Columbus Activists Say City Budget's Proposed Police Cuts Are 'Tiny Baby Step'
Columbus Division of Police may be facing a $20 million budget reduction next year.
Mayor Andrew Ginther unveiled his proposed 2021 budget on Thursday, which included about $1 million for the voter-approved Civilian Review Board and Inspector General to oversee Columbus Police, and nearly $2 million for health and social workers to be embedded in the Department of Public Safety.
People's Justice Project organizer Jasmine Ayres, who’s pushed for police reform in Columbus, calls the budget a “tiny baby step.”
“In actuality, we know that police don’t reduce crime," Ayres says. "A reduction in poverty usually leads to a reduction in crime."
Columbus Police account for about a third of the city's total budget, which is about $1 billion in all.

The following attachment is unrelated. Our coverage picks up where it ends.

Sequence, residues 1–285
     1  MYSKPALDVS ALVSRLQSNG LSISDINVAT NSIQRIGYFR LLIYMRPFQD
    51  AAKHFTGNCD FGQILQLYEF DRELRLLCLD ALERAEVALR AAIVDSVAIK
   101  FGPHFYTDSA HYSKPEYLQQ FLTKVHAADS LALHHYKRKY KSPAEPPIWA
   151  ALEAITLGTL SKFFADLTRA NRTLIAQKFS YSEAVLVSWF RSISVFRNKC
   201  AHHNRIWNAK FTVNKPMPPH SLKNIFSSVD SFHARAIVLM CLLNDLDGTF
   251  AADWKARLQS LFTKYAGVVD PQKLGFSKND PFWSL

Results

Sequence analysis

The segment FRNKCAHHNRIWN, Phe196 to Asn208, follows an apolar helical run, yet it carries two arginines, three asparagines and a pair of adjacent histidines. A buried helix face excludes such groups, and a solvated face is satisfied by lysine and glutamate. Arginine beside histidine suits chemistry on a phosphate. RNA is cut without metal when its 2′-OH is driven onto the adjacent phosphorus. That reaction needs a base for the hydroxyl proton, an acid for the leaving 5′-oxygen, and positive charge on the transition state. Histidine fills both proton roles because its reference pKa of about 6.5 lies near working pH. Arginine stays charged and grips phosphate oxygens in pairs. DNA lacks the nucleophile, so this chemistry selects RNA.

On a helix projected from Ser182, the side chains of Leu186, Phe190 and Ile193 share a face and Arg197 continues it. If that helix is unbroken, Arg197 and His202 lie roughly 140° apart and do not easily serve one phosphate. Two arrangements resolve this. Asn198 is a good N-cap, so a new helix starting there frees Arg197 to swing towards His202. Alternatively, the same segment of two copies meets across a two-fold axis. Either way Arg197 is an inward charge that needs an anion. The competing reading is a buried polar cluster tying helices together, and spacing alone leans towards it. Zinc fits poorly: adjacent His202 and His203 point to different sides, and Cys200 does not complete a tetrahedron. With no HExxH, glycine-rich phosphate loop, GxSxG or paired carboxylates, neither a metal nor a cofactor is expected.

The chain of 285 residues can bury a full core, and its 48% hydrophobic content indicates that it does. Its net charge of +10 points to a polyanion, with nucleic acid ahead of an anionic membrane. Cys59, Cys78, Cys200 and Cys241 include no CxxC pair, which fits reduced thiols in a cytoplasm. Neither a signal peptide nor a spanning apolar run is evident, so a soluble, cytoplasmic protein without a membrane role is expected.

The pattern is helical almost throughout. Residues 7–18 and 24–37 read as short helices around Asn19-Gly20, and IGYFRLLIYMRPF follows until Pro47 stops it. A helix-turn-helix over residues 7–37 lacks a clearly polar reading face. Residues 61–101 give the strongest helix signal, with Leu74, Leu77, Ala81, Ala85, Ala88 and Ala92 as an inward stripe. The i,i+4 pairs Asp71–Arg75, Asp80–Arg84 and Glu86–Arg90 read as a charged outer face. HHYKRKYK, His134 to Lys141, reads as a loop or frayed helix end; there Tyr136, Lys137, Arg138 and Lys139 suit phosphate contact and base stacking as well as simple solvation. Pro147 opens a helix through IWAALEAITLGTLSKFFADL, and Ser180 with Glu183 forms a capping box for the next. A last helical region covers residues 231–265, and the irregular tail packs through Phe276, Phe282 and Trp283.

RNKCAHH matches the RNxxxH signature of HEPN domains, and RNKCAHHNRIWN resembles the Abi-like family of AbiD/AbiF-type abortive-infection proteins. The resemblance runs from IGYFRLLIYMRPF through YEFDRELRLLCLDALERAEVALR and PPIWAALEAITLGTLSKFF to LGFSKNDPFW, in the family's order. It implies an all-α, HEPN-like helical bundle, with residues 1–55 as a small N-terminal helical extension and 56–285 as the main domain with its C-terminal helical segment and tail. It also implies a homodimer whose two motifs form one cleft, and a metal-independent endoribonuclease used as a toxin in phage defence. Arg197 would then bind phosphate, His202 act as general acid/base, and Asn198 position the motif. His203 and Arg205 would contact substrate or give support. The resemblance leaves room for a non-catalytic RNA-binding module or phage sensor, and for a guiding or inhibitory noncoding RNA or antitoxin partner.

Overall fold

Ayres did compliment the increased funding for the city's Mobile Crisis Unit, a partnership where social workers accompany Columbus officers in responding to mental health calls.
Ayres also wants to see more money for education and affordable housing.
“The safest neighborhoods don’t have the most police, they have the most resources," she says. "So if we’re really serious about changing the culture, about having safe neighborhood, we have to make long-term investments."
Ayres does see some of that investment in the proposed operating budget, like creating a director of affordable housing and increasing funding for the Department of Neighborhoods.
“All of these things could be good, but it depends on who’s in the seat and how much are they going to listen to the community,” she says.
The mayor's budget is just a proposal for now. Columbus City Council will deliberate over the numbers for the next few months, and final budget approval is expected come in February.